Pāṇini gives the interesting information gives the interesting information that the ending kanthā was in use in Uśīnara (II.4.20) and Varṇu (Bannu) (IV. 2.103). Kanthā was a Śaka word for a town as in expression Kandāvara-Kanthāvara occurring in a Kharoṣṭhī inscription.Source: archive.org: Personal and geographical names in the Gupta inscriptions
The history of India traces the identification of countries, villages, towns and other regions of India, as well as royal dynasties, rulers, tribes, local festivities and traditions and regional languages. Ancient India enjoyed religious freedom and encourages the path of Dharma, a concept common to Buddhism, Hinduism, and Jainism.
Languages of India and abroad
kaṇṭha : (m.) the neck; throat; guttural.Source: BuddhaSasana: Concise Pali-English Dictionary
Kaṇṭha, (*qǔent from *qǔelt, primarily neck, cp. Lat. collus “the turner. ” Syn. with k. is gīvā, primarily throat, Brh. kaṇṭha) 1. throat A. IV, 131; J. V, 448; Miln. 152 (kaṇṭho ākurati, is hoarse); PvA. 280 (akkharāni mahatā kaṇṭhena uccaritāni). The throat of Petas is narrow and parched with thirst: PvA. 99 (k-oṭṭha-tālūnaṃ tassita), 180 (sūci° like a needle’s eye, cp. sūcicchidda. v. l. sūcikaṭṭha “whose bones are like needles”), 260 (visukkha-k-ṭṭha-jivhā).—2. neck Vin. I, 15; Dh. 307 (kāsāva°); Vv 6417 (expid at VvA. 280 by gīvūpagasīsūpagādi-ābharaṇāni). Esp. in Loc. kaṇṭhe round the neck, with ref. to var. things tied round, e.g. kuṇapaṃ k. āsattaṃ A. IV, 377; kuṇapaṃ k. baddhaṃ J. I, 5; k. mālā J. I, 166, 192; k. bandhanti vaḍḍhanaṃ J. III, 226; with the wreath of karavīra flowers (q. v.) on a criminal ready for execution: rattavaṇṇa-virala-mālāya bandhakaṇṭha PvA. 4 (cp. AvŚ I. 102; II, 182; karavīra-mālābaddha (sakta II. 182)—kaṇṭheguṇa).
—kūpa the cavity of the throat Mhbv 137. —ja produced in the throat, i.e. guttural Sāsv 150. —suttaka an ornamental string or string of beads worn round the neck Vin. II, 106. (Page 179)
Pali is the language of the Tipiṭaka, which is the sacred canon of Theravāda Buddhism and contains much of the Buddha’s speech. Closeley related to Sanskrit, both languages are used interchangeably between religions.
kaṇṭha (कंठ).—m (S) The throat, i. e. the fore part of the neck and the two passages within. 2 In singing. The voice. Ex. svarāvaruni samajē kaṇṭha || 3 The head of the trachea, the larynx. 4 The neck (of a pitcher or other vessel). 5 Sound from the throat, guttural sound. 6 The down or feathers of the throat (of small parrots, pigeons &c.) kaṇṭha dāṭaṇēṃ or sadgadita hōṇēṃ g. of s. To be choking under some vehement emotion. Ex. prēmēṃ kaṇṭha hōya sadgadita || nētrīṃ aśrupāta vāhati || 2 kaṇṭha phuṭaṇēṃ g. of s. To get a cracked voice. 3 kaṇṭhīṃ prāṇa uraṇēṃ g. of s. To have one's life in one's mouth; i. e. to be al- most dead. 4 kaṇṭhīṃ prāṇa dharaṇēṃ To hold in or retain one's life a little (as under some yet unfulfilled expectation or hope). 5 kaṇṭhīṃ prāṇa yēṇēṃ To be much alarmed or distressed. 6 mōkaḷā kaṇṭha karūna raḍaṇēṃ To give way to grief or distress; to cry unrestrainedly.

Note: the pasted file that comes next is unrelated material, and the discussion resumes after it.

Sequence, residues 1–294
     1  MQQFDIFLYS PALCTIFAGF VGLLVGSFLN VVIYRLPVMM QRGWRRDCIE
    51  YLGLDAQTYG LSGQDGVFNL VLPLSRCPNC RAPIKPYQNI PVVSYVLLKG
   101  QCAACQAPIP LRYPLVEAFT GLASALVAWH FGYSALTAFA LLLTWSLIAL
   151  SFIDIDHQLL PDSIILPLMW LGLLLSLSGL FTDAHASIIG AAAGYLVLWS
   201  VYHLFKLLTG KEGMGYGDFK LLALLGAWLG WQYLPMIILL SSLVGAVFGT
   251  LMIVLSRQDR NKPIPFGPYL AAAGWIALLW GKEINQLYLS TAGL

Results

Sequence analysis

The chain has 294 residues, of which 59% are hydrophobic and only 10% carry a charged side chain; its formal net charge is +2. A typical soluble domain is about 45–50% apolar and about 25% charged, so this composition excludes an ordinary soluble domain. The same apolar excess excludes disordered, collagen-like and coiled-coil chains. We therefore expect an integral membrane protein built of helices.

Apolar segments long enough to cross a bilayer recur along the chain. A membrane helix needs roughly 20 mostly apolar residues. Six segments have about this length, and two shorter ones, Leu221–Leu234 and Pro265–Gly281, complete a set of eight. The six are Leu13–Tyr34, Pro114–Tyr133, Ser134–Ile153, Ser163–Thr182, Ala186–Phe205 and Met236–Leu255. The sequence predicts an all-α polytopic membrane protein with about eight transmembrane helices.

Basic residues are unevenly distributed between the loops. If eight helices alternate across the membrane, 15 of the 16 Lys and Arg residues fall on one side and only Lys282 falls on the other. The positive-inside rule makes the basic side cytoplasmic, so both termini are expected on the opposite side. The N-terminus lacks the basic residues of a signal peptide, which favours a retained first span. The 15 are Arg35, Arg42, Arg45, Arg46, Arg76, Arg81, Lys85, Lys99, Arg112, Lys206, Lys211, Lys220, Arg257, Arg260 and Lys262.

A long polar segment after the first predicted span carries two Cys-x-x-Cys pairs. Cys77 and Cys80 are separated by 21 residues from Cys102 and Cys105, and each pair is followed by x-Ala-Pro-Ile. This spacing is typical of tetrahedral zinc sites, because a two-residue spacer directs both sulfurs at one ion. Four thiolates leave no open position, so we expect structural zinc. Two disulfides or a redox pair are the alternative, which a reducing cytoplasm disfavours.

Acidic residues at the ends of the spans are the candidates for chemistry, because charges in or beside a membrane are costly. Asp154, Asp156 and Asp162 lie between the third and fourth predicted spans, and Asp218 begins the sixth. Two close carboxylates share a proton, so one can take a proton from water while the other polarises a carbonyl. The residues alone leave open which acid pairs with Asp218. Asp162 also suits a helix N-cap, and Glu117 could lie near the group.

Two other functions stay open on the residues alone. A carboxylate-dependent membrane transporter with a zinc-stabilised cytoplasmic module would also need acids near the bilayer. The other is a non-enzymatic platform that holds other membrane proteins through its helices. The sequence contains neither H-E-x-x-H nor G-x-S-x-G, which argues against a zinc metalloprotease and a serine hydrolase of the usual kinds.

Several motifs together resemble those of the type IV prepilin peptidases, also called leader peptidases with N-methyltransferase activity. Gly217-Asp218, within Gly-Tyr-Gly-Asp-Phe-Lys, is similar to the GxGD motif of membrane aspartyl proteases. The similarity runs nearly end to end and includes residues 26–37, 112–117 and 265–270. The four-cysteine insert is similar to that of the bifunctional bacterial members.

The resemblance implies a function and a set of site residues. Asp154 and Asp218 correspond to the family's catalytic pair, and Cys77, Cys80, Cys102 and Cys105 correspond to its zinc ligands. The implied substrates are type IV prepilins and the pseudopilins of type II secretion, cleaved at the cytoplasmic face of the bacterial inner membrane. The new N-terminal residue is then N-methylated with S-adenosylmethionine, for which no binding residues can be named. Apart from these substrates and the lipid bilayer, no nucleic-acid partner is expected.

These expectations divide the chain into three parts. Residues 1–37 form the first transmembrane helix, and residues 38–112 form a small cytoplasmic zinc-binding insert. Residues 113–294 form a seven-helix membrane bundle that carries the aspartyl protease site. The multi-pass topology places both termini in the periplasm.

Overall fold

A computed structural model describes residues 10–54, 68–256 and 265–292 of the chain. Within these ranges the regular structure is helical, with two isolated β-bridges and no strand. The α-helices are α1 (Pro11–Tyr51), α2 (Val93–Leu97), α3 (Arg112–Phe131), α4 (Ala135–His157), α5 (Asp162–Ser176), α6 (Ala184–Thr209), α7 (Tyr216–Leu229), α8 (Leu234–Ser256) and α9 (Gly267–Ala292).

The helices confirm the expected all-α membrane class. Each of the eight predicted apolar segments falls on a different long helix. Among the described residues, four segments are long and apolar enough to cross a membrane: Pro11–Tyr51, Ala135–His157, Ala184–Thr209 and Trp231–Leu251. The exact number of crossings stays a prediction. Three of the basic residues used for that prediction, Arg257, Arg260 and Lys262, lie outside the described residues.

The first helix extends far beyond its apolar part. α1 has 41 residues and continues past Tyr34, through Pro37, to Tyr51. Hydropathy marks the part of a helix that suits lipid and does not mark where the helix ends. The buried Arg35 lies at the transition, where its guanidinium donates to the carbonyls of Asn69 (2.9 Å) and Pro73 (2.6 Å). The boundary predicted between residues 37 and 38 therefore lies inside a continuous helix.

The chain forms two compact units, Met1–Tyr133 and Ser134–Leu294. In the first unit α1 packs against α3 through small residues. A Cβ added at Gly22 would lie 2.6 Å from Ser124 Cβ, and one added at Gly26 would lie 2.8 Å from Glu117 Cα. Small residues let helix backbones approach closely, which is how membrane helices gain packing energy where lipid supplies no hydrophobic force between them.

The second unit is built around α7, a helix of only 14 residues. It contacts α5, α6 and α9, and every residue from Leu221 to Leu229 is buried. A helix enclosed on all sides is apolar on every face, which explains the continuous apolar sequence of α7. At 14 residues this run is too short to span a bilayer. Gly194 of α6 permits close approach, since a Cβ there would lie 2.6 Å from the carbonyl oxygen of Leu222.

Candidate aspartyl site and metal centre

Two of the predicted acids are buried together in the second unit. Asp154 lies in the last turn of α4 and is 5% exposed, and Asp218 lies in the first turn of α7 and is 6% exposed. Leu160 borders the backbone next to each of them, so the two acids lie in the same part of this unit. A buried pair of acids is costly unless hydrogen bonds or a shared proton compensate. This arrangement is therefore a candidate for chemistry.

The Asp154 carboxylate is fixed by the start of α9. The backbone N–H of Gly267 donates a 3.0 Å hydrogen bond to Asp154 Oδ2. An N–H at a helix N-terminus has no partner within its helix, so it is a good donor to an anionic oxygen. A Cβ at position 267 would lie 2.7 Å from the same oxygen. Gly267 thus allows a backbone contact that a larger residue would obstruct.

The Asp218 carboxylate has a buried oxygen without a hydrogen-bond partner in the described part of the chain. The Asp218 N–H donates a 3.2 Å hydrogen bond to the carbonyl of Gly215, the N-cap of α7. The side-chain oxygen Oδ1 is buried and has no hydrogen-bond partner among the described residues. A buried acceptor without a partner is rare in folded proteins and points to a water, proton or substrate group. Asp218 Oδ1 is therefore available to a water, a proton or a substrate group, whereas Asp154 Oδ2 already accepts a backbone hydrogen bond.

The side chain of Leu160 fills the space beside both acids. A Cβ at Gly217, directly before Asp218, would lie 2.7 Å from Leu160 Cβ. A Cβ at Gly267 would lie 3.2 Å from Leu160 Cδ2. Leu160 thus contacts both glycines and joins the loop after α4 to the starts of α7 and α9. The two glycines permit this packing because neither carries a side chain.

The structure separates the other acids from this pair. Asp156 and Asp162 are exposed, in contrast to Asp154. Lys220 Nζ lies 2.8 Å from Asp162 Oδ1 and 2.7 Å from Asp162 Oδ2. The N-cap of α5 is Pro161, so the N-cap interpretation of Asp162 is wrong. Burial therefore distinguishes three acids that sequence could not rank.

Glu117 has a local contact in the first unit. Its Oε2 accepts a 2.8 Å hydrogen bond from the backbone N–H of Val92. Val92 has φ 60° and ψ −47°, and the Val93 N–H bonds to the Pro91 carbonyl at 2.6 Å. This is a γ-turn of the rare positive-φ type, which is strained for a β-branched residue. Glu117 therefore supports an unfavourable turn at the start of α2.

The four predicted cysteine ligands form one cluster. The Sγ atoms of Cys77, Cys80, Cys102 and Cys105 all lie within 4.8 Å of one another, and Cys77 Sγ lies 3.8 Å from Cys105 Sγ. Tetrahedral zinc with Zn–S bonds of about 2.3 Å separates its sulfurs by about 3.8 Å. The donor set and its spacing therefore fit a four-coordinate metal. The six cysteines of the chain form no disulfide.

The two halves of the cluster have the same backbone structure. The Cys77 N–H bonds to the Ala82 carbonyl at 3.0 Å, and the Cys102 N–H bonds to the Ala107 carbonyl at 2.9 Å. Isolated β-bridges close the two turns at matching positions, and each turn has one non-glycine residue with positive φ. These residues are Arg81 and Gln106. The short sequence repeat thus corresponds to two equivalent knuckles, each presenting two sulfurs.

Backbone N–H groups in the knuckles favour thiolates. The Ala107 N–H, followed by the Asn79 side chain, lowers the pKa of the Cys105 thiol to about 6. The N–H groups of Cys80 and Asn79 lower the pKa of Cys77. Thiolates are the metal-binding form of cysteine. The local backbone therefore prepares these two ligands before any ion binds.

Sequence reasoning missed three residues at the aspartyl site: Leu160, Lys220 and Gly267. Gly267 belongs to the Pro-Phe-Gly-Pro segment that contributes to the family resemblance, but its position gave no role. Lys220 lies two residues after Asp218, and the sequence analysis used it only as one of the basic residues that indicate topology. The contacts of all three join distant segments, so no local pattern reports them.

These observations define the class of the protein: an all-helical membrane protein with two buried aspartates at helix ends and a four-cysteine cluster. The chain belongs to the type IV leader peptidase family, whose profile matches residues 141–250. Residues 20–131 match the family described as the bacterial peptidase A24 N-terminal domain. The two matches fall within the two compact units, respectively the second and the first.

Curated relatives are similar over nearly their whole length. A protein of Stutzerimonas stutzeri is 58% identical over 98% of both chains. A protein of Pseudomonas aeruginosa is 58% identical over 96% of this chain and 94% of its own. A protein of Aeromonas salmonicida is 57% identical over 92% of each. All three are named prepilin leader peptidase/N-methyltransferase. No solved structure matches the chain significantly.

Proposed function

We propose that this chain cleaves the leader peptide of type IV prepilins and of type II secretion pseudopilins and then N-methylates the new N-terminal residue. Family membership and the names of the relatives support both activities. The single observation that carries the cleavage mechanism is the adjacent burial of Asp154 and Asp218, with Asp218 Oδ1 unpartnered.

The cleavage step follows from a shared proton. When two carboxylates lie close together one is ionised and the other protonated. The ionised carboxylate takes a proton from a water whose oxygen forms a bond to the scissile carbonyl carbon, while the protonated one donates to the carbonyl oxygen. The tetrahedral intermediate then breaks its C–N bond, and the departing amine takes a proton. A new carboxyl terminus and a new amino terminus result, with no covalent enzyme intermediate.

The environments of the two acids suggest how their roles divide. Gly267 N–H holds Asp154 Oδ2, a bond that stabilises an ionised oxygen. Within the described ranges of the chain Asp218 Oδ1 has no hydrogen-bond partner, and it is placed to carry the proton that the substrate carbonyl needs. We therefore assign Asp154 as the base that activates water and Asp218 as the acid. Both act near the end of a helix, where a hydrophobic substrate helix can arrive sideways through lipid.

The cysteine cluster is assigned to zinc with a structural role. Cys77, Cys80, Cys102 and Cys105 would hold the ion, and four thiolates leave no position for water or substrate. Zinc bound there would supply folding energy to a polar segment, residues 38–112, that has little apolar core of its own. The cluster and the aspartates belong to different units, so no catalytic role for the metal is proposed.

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kaṇṭha (कंठ).—or (kaṇṭhagata) cāmīkara nyāya m S The rule of the Neck and its ornament. Used of Looking about for a thing which is on one's person or in hand. Agreeing with kākhēnta kaḷasā gāṃvālā vaḷasā or gāṇḍīkhālīṃ ārī cāmhāra pōra mārī.
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kaṇṭhā (कंठा).—m (kaṇṭha) An ornament (of gold beads, pearls &c.) for the neck of females. 2 A spherical bunch of strung flowers. See, if curious, turā.
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kantha (कंथ).—m (In amorous poetry. kānta S) A husband.
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kanthā (कंथा).—f S A patched cloth or garment; a quilt of rags and shreds.
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kāṇṭhā (कांठा).—m C (kāṭha) Coast, border, adjoining shore or country. 2 The stratum of rock underlying the superficial mould, the rock-subsoil. Ex. vihirīsa dāhā hātāpāsūna kāṇṭhā āhē.Source: DDSA: The Molesworth Marathi and English Dictionary